It’s been 18 months since we sold nearly everything in an effort to lead a more simple life, to free up our financial resources, and to allow us to provide service wherever we feel called. During those 18 months, we have been to Costa Rica twice, Panama, Nicaragua, multiple Hawaiian islands on two different trips, and spent two summers on a gorgeous Maine island, where we rent a small studio apartment with a deck that provides wonderful sunset views over the mainland. We feel incredibly blessed to have been to all these places, to have met inspiring and soulful people from around the world, and to be in partnership with the majestic plants, animals, and earth that sustain us. Each experience has brought teaching moments for us and smiles as wide as possible. So, I move forward in writing these words with deep gratitude for family, new and longtime friends, colleagues, and all the majesty that nature provided along the way.
I am also writing these words with an underlying sense of anxiety. I wanted to share the feelings behind this anxiety because a lot of people look at us and think one of two things: 1) we are crazy, or 2) wow, that is so cool that you sold everything and you are traveling. Sometimes I think we are crazy and other times I feel we have made the absolute right decision.
Getting to this point of simplicity, though, has not been, well, that simple. At least for me it has not been that simple. Here’s why.
- I am, generally, an anxious dude. Especially around money. By minimizing our material belongings and by living in a small rented space, I have freed up a lot of time to write and create. (We are working on a new jewelry line as well!). This is a good thing. I now have more time to think. This can be a bad thing as I can think myself into negative thought patterns, with a focus on how are we going to make ends meet financially. When I cycle into the negative thoughts, my anxiety escalates and this is not beneficial for my spirit and my true mission of wanting to spread as many positive vibes as possible.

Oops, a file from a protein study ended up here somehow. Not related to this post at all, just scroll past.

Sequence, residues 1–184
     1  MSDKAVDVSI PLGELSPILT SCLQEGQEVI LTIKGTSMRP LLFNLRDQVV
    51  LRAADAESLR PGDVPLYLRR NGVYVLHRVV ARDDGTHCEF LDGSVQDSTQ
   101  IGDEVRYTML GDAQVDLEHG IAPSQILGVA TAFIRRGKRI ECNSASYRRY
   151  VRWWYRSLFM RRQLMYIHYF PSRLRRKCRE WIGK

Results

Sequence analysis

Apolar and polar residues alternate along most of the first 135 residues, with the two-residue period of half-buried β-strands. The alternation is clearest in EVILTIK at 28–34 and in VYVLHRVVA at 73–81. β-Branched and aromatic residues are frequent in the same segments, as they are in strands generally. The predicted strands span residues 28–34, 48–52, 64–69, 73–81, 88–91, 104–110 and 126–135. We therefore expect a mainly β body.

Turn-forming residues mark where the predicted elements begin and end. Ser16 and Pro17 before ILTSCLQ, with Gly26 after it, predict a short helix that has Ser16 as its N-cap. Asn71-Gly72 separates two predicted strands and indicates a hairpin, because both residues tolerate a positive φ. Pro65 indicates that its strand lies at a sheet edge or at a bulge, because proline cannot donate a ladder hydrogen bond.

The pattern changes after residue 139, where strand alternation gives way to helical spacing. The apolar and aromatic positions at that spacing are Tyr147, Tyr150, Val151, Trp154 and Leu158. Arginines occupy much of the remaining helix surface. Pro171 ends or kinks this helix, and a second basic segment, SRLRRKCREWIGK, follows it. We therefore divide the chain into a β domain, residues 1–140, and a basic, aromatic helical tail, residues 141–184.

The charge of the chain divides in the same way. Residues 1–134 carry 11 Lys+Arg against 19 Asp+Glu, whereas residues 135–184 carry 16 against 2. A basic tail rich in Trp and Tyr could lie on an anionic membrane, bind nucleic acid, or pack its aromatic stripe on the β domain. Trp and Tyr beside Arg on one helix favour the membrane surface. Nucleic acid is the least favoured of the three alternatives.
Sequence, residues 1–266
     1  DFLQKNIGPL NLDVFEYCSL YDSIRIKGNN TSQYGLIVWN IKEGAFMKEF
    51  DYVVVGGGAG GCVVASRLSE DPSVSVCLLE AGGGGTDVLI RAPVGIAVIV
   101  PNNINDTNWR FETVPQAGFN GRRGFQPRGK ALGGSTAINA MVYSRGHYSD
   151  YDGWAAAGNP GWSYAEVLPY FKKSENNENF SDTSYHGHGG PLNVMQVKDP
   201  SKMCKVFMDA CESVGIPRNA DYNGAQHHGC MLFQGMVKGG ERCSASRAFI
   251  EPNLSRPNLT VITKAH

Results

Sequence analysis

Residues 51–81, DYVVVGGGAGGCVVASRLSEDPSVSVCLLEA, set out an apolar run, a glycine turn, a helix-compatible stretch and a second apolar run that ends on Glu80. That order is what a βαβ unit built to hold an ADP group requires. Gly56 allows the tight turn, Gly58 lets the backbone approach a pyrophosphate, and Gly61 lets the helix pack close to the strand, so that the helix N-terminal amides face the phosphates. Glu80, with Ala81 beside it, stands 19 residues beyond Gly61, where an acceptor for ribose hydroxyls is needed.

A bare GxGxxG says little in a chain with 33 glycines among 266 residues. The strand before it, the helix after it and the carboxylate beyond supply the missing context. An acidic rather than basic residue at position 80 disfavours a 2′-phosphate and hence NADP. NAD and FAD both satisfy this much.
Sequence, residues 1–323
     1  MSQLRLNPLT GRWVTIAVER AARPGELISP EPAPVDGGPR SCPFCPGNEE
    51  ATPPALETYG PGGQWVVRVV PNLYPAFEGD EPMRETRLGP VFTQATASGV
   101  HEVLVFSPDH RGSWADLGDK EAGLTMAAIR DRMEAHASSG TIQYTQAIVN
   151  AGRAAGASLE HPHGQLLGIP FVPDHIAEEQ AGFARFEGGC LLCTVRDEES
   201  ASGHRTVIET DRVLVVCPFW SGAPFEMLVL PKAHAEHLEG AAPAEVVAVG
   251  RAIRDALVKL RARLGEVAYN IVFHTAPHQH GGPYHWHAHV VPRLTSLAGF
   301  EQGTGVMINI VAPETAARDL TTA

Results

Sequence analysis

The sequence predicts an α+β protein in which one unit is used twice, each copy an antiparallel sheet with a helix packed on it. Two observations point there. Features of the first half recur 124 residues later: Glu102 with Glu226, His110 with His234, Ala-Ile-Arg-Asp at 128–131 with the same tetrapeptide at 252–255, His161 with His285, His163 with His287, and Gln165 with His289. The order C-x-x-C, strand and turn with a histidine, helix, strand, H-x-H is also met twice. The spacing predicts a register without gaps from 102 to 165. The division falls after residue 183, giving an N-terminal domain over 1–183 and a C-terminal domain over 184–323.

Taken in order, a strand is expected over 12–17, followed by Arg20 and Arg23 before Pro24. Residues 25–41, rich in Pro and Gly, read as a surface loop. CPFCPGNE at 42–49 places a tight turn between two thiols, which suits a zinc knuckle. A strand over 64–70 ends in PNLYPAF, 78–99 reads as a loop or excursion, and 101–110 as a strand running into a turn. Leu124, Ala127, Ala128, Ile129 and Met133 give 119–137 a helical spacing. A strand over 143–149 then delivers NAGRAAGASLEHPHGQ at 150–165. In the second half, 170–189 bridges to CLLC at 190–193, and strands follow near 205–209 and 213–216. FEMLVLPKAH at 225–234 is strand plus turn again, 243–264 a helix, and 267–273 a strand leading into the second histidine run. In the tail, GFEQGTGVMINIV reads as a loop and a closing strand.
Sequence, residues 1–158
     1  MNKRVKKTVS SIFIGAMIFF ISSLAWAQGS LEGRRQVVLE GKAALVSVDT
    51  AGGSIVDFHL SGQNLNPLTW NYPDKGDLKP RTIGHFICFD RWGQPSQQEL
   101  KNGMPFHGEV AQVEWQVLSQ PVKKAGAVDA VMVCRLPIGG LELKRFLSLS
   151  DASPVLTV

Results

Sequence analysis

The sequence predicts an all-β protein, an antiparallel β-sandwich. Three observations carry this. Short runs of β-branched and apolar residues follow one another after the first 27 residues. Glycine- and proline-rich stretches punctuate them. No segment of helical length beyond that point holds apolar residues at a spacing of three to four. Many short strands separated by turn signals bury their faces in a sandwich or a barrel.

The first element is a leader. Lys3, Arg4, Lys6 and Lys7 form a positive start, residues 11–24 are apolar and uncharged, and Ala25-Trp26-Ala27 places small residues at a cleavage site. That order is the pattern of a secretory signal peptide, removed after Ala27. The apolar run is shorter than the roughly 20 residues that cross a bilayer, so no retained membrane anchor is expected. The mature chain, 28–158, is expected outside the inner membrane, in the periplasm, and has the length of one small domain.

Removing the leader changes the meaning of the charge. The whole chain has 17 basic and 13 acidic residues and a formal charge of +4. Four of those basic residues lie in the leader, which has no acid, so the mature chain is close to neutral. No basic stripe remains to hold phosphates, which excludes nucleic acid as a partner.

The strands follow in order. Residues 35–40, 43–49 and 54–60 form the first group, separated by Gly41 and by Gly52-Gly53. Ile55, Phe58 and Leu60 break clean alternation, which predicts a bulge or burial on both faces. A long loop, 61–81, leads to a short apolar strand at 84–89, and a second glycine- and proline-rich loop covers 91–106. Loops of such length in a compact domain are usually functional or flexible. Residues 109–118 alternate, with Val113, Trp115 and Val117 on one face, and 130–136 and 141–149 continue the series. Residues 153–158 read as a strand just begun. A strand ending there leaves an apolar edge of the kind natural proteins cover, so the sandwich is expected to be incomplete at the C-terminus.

- I am struggling with the concept that we do not have a base from which to operate our To Live For venture, to which we can return to regroup after long travel, and where we can host friends and family for meals and visits. While the idea of reestablishing a base would help part of my spirit, and probably reduce some of my unsettled anxiety, my wife is right in saying that an old friend will return to my inner sanctum, and that’s the voice that says we have limited financial resources since we would be paying a mortgage, property insurance, taxes, heating costs, etc and we probably will not be able to travel nearly as much. The end result is my anxiety would probably ramp up.
- I miss my girls and part of me feels that if we had a permanent home close to them, we would connect more often. The beauitful one room studio we rent during the summer months makes it challenging to host visits, as does the long (but very beautiful) drive to our island space, but the flip side is that by reducing our financial imprint, we are able to provide some financial support to the 4 children we have between us (ages 20 to 24 this Fall). I also take some solace in believing that by living this simple lifestyle we are teaching our children that there are many ways to experience this world and we don’t have to take the same path as everyone else.
- This is the first summer of being free of many traditional financial obligations and it is the first summer when I actually have time to write regularly. I have already had moments, if not hours, though, when I have asked my self, “Okay, what should I do now?” I am having a hard time relaxing and allowing the creative energies to flow now that we are back on the mainland USA after being away for 8 months. I can feel my body trying to slip back into the high paced and materialistic lifestyle that we used to live.